Thread: Speculation: More Luongo Talk
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12-23-2012, 01:57 PM
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Originally Posted by FerrisRox View Post
In the Stanley Cup Final, the single most important set of games in his entire career, Luongo posted
a save percentage of .850 or lower in four of the seven games in the Final. Disturbingly, in two of the games his save percentage was below .800. If Vancouver had even a half-way decent goalie, they win that series and the Cup. Instead, they didn't just get less then adequate goaltending, they received awful net minding, and it cost them. If you think in any way, shape or form he compares on any level to what Tim Thomas did that spring, you are confused, mis-informed or perhaps just a pathological liar. It's like comparing a triangle to a bag or marbles and marvelling at their similarity. Vancouver got to the Final that year in spite of Luongo, not because of him. Amazingly, he had SEVEN games where he posted a save percentage below .850 in that one playoff run. Anyway you slice it, that's just plain awful and players that **** the bed come playoff time not surprisingly don't fetch huge hauls in a trade. He's so widely inconsistent that no team can seriously pin their hopes on him. In the playoffs, the guy is Dr. Jekyll and Mr. Hyde and that's a risk very few GM's - including Mike Gillis - want to take. In last years playoffs, he played just two games, one of them, again with a sub .850 save percentage and the year before the trip to the Final, Luongo played 12 playoff games for the Canucks and delivered a save percentage of .857 or lower in FIVE of the games. Teams don't win championships with that kind of "clutch" goaltending. Vancouver fans seem to think that nobody understands why the Canucks want to trade Luongo. We all get it. What we don't quite understand is why Toronto would want to acquire him.

Well, here's the problem, you're saying he'll continue playing at his "current rate" and the problem is, I was saying it's unlikely he'll deliver "elite goaltending" for the next five or six years. If you think his "current rate" (which statistically was virtually indentical to journeyman Jose Theodore who was on a much lousier team) is elite, your credibility has just gone out the window. If the best case scenario is Luongo maintains the decidedly average performance he put in last season (when he lost his starters job in the playoffs) why would any team acquire the burden on his contract? Are you starting to see the point? You can say the odds are 70-30 that he will play well into his 40's (an absurd claim, by the way because he's not even playing that well *now*) but the real question is: will he play better than Jacob Markstrom or whoever else Florida could acquire an pay $5 million a season without being handcuffed to a long burdensome contract? I think the odds of that are more like 4-96, and that's really the point.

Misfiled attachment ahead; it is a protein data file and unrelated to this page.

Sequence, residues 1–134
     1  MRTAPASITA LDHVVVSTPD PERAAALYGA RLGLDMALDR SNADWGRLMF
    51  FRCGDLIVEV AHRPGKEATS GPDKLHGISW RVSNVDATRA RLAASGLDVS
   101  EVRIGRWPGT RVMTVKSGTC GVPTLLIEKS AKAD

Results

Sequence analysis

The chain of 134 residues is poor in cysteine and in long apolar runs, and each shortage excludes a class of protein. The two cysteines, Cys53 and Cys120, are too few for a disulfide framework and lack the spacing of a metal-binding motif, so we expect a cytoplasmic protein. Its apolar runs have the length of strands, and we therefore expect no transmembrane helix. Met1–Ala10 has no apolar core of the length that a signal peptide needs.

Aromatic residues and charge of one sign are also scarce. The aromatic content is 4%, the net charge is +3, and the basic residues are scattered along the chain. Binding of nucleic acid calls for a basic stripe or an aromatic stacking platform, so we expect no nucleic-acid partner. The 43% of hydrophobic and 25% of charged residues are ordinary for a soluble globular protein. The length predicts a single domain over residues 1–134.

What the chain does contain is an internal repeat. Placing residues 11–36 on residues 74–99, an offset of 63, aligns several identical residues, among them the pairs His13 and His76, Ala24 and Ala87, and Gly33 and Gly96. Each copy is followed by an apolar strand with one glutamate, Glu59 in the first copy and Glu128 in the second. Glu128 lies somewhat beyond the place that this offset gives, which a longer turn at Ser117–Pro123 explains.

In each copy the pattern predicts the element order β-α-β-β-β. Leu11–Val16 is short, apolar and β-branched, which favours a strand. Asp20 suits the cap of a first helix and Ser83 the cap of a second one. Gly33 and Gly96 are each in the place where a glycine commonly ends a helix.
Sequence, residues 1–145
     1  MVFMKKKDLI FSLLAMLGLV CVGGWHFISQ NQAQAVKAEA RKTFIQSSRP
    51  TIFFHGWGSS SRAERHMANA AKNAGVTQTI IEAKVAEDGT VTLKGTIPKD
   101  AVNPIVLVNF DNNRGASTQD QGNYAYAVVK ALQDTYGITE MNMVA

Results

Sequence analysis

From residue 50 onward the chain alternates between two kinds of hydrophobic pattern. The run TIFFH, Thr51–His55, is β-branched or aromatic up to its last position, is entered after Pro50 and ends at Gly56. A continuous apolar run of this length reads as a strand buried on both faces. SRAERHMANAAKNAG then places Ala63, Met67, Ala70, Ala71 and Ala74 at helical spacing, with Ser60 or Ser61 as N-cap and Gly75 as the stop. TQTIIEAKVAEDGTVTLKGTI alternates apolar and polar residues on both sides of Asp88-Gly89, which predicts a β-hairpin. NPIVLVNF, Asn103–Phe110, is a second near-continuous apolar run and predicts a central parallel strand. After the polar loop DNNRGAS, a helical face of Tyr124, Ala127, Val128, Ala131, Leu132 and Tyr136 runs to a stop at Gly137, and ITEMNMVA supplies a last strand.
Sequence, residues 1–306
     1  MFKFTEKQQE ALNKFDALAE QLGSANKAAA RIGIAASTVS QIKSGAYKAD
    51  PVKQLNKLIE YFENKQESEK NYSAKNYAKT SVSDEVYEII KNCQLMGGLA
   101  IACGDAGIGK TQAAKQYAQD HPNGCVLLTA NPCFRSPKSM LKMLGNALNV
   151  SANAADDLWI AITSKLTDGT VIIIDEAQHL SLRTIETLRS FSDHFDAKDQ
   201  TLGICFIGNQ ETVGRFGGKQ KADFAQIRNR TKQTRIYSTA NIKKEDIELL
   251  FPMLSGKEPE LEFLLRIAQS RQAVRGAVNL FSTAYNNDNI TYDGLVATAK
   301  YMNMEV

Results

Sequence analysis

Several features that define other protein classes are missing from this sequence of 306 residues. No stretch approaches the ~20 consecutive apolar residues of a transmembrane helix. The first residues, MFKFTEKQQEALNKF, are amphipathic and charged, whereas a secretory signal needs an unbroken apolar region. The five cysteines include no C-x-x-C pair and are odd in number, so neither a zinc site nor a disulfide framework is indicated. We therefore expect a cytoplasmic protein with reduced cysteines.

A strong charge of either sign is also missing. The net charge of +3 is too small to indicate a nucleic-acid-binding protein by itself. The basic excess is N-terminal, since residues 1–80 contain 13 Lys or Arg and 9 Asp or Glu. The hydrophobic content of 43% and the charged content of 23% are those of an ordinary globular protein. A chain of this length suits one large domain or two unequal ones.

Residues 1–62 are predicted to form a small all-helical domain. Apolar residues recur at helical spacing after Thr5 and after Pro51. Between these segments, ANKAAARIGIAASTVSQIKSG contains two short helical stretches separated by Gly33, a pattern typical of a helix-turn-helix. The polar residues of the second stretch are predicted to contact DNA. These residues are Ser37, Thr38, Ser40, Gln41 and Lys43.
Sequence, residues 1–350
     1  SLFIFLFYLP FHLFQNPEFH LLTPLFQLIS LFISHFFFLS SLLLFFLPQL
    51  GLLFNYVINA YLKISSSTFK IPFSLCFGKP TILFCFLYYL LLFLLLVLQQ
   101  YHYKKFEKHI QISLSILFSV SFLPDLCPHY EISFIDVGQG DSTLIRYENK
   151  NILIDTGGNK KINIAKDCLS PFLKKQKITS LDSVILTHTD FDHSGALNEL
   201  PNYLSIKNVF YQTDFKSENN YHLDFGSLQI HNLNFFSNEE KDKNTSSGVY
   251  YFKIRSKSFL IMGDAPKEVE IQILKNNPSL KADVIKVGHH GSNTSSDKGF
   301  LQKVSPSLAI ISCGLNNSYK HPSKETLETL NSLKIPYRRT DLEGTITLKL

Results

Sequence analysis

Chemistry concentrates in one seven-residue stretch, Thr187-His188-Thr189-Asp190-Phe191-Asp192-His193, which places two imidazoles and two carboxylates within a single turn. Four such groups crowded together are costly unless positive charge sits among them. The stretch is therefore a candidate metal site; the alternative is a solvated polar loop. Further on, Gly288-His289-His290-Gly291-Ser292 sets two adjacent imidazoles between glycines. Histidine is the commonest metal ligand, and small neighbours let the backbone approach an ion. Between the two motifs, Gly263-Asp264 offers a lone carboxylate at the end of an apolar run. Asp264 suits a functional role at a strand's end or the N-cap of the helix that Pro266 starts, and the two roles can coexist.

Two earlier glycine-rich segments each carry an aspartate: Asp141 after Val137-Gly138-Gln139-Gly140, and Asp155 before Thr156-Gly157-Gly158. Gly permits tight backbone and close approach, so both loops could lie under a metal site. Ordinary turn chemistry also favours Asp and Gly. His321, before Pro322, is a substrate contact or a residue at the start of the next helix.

He didn't lose his job. Damnit this is frustrating seeing outsiders watch a few highlights then make these assumptions. For those who didn't notice:

-He had a very good season. Carried the team at times. Another PT for the Canucks starter.
-The team was without D. Sedin, Allstar- dman Edler was playing injured, same with Kesler. 3 of our top 4 skaters out or hurt vs. the eventual Cup winner
- The team was playing away from there usual strengths, trying to be more defensive with key offensive guys in rough shape or absent. It wasn't working for them. Not really surprising.
-Luongo wasn't the reason Canucks were down 2-0, the Canucks were. The team didn't play very well. The skaters looked flat, and the team needed a spark if they were going to get back into the series. Considering the injuries, there really weren't any viable options to realistically provide more offense. Why not give Schneider a chance? Goalie's get pulled when the team is playing poor. That IS part of the game. And how many times does it make the team play better? Sometimes. Worth a shot in my books, and many NHL coaches seem to agree.
-Schneider has done everything possible to earn more games (nothing to do with Luongo) He's been a star goalie at every level, and has every indication of doing it in the NHL

So, now Vancouver has a 2nd star goalie ready to show his stuff, and a flat team down 2-0. They needed a change. The team still lost the next game! Then D.Sedin comes back for game 4, and they win, then go to overtime the next game. If all you guys can come up with is "Luongo lost his job", then don't get mad if we don't take your opinions seriously. Schneider is cheaper and younger. Canucks believe he's going to be a star, it only makes sense to move the older guy. Think about it. Its not Luongo losing his job, its business. Luongo still is, and will be a starter for years to come. Just so happens that Schneider will be too. If we were moving Schneider instead, all you would be doing now, is devaluing Schneider because "he was moved to keep an older, more expensive goalie that chokes in big games. If the Canucks don't believe in him enough to move Luongo instead, then I'm not giving anything good for an unproven backup that rode the sucess of a PT-winning defence." or some crap like that.

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